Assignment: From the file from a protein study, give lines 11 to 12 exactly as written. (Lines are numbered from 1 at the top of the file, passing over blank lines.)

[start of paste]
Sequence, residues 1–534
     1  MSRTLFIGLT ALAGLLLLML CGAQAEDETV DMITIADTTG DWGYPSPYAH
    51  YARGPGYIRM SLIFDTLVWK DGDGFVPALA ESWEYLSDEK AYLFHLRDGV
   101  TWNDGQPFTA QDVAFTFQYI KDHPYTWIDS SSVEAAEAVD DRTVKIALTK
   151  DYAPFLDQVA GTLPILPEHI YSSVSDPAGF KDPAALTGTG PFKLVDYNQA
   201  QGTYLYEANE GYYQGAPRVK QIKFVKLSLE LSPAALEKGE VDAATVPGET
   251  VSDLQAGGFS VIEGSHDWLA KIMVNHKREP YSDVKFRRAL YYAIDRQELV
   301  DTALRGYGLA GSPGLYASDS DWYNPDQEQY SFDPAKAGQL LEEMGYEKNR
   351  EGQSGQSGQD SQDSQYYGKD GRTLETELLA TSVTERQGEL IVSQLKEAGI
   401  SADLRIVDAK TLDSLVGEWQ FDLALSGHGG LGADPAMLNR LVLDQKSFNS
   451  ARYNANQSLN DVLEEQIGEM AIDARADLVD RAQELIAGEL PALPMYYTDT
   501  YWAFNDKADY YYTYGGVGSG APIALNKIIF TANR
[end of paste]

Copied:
   451  ARYNANQSLN DVLEEQIGEM AIDARADLVD RAQELIAGEL PALPMYYTDT
   501  YWAFNDKADY YYTYGGVGSG APIALNKIIF TANR